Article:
Electoral history of Robert Borden

Conservative Party of Canada (1867–1942) Robert Borden Liberal Party of Canada

Prime Minister Borden

This article is the Electoral history of Robert Borden, the eighth Prime Minister of Canada (1911-1920).

A Conservative, he became Prime Minister after winning the federal election of 1911, defeating Sir Wilfrid Laurier. He won two general elections (1911, 1917) and lost two (1904, 1908). From 1911 to 1917, he led a Conservative government and from 1917 to 1920 led a Unionist coalition, formed over the issue of military conscription.

Borden was elected to the House of Commons of Canada eight times (1896, 1900, 1905, 1908 (twice), 1911 (twice), and 1917).

Borden retired in 1920 and was succeeded by Arthur Meighen.

Summary

Canada in 1911, when Borden was elected Prime Minister.
Canada at the end of Borden's time in office

Borden ranks eighth out of twenty-three prime ministers for time in office. He became Prime Minister in 1911, after defeating Sir Wilfrid Laurier and the Liberals, and was in office for a total of 8 years and 274 days. He served two consecutive terms, the first leading a Conservative government (1911 to 1917), the second leading a Unionist coalition government (1917 to 1920).[1]

Borden was the third of three prime ministers from Nova Scotia, the other two being Sir John Sparrow David Thompson and Sir Charles Tupper.

Borden lost the first two general elections he contested, in 1904 and 1908, defeated in both cases by Laurier and the Liberals. He won the third general election, in 1911, while Laurier became the Leader of the Opposition.

Borden led Canada during World War I. One of the major political issues during the war was the conscription crisis of 1917. Borden formed a coalition with Liberals who supported his conscription policy and led the coalition as the Government (Unionist) Party. Those Liberals who opposed the conscription policy remained with the leadership of Laurier, and fought the election as the Opposition (Laurier Liberals) party.

Borden stood for election to the House of Commons of Canada nine times (1896, 1900, 1904, 1905 (by-election), 1908 (twice), 1911 (twice), and 1917), although two of those were multiple elections in the same general election, as was permitted at that time. He was elected eight times (twice by acclamation) and defeated once (1904). At various times, Borden was elected for three different constituencies in two different provinces: Halifax, Nova Scotia; Carleton, Ontario; and Kings, Nova Scotia. He served in the Commons for a total of 25 years, 1 month, and 25 days.[2]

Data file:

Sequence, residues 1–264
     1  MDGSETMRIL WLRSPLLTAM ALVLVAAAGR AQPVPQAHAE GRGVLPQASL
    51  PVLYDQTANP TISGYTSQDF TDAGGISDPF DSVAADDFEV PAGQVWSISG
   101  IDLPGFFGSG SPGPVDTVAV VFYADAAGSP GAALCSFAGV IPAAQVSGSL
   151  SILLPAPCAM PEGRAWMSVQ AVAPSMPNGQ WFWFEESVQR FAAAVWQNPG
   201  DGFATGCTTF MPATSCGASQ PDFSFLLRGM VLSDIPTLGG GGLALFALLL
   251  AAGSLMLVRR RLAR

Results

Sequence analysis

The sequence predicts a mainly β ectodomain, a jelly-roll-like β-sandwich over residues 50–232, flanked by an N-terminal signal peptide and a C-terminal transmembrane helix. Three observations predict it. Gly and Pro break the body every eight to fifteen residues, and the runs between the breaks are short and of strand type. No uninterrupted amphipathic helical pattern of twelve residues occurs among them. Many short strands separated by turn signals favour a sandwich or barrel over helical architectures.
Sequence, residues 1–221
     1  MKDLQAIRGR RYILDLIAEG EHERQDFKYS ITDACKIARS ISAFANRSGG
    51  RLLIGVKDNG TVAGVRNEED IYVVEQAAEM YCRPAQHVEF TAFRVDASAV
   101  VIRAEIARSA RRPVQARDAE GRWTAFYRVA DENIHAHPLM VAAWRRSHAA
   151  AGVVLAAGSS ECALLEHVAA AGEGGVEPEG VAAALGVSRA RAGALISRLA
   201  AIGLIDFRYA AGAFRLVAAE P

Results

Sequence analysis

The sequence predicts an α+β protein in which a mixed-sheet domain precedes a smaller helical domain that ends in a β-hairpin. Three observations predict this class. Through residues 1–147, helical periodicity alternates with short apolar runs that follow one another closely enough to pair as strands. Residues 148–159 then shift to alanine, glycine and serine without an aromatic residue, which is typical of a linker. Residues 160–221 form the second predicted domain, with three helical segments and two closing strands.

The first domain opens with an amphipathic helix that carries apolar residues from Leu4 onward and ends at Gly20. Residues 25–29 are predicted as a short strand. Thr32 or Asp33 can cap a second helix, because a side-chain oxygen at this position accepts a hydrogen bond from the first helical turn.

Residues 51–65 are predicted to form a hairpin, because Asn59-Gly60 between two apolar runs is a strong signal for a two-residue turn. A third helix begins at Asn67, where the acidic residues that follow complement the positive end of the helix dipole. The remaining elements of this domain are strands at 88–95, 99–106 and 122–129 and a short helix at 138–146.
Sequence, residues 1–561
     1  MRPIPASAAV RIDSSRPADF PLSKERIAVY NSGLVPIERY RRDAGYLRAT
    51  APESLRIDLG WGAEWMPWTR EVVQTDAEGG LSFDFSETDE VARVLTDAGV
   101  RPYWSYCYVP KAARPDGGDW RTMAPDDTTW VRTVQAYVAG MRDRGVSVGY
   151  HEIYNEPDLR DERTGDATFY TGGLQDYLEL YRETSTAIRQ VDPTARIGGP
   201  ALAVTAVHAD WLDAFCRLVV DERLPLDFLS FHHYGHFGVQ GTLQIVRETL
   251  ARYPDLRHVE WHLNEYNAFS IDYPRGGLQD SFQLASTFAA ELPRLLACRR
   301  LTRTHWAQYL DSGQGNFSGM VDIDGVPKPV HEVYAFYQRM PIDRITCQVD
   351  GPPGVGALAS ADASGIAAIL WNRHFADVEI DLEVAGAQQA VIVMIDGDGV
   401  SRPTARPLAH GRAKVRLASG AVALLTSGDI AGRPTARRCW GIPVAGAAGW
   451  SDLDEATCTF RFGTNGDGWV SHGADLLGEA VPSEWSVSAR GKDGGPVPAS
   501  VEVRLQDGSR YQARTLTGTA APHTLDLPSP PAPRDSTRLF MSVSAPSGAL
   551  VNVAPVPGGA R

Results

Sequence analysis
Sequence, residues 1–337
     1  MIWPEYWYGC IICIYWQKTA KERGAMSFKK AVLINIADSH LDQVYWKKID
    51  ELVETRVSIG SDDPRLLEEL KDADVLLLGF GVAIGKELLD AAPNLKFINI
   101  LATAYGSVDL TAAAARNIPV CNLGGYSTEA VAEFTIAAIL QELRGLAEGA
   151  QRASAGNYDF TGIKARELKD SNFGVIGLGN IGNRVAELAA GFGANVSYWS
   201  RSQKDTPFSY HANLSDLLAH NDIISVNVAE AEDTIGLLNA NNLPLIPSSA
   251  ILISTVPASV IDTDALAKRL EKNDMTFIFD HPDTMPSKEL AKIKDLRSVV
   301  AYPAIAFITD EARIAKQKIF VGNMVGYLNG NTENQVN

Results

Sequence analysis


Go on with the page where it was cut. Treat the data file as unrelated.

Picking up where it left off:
Borden retired in 1920, and was succeeded by Arthur Meighen.

Federal general elections, 1904 to 1917

Borden led the Conservative Party in three general elections, winning one (1911) and losing twice (1904, 1908). He also led the Unionist Party in his last general election (1917), which he won.

Federal election, 1904

Borden led the Conservatives in the 1904 general election. He had replaced Sir Charles Tupper as leader of the Conservatives and Leader of the Opposition in 1901. His opponent in the general election was Prime Minister Sir Wilfrid Laurier, leader of the Liberal Party of Canada. Laurier and the Liberals again won a majority government and Borden continued as Leader of the Opposition.

Canadian Federal Election, 1904 - Parties, Leaders, Seats Won and Popular Vote
Party Leaders Seats Won Popular Vote
Liberal Wilfrid Laurier1 137 50.9%
  Conservative Robert Laird Borden2 70 44.4%
  Liberal-Conservative 5 1.5%
  Independent 1 1.5%
  Independent Conservative 1 0.5%
Labour 0 0.2%
Socialist 0 0.2%
  Nationalist 0 0.1%
  Independent Liberal 0 0.0%3
  Unknown4 0 1.1%
Total 214 100.4%5
Source: Library of Parliament – History of Federal Ridings since 1867

1 Prime Minister when election was called; Prime Minister after the election.
2 Leader of the Opposition when election was called; Leader of the Opposition after the election.
3 Independent Liberal candidates received only 309 votes nationally.
4 Election returns in 1904 did not require candidates to declare party affiliation. Some candidates did not list a party affiliation.
5 Rounding error.

Federal election, 1908

Borden again led the Conservatives in the 1908 general election. His opponent was again Prime Minister Laurier, the leader of the Liberals. Laurier again won a majority government and Borden continued as Leader of the Opposition.

Canadian Federal Election, 1908 - Parties, Leaders, Seats Won and Popular Vote
Party Leaders Seats Won Popular Vote
Liberal Wilfrid Laurier1 133 48.9%
  Conservative Robert Laird Borden2 82 45.0%
  Liberal-Conservative 3 1.3%
  Independent 1 1.5%
Labour 1 0.9%
  Independent Conservative 1 0.5%
Socialist 0 0.5%
  Independent Liberal 0 0.4
  Unknown3 0 1.2%
Total 213 100.2%4
Source: Library of Parliament – History of Federal Ridings since 1867

1 Prime Minister when election was called; Prime Minister after the election.
2 Leader of the Opposition when election was called; Leader of the Opposition after the election.
3 Election returns in 1908 did not require candidates to declare party affiliation. Some candidates did not list a party affiliation.
4 Rounding error.

Federal election, 1911

Borden again led the Conservatives in the 1911 general election, which was fought on the issue of reciprocity (lowered trade barriers) with the United States. Naval policy was also an issue. Borden and the Conservatives won a majority government, defeating Laurier and the Liberals. Borden became Prime Minister and Laurier became Leader of the Official Opposition.

Canadian Federal Election, 1911 - Parties, Leaders, Seats Won and Popular Vote
Party Leaders Seats Won Popular Vote
  Conservative Robert Laird Borden1 131 48.0%
  Liberal-Conservative 1 0.5%
Liberal Wilfrid Laurier2 85 45.8%
  Independent Conservative 3 1.0%
Labour 1 0.9%
  Independent 0 0.8%
Socialist 0 0.4%
  Nationalist Conservative 0 0.3%
  Nationalist 0 0.3%
  Unknown3 0 2.0%
Total 221 100.0%
Source: Library of Parliament – History of Federal Ridings since 1867

1 Leader of the Opposition when election was called; Prime Minister after the election.
2 Prime Minister when election was called; Leader of the Opposition after the election.
3 Election returns in 1911 did not require candidates to declare party affiliation. Some candidates did not list a party affiliation.

Federal election, 1917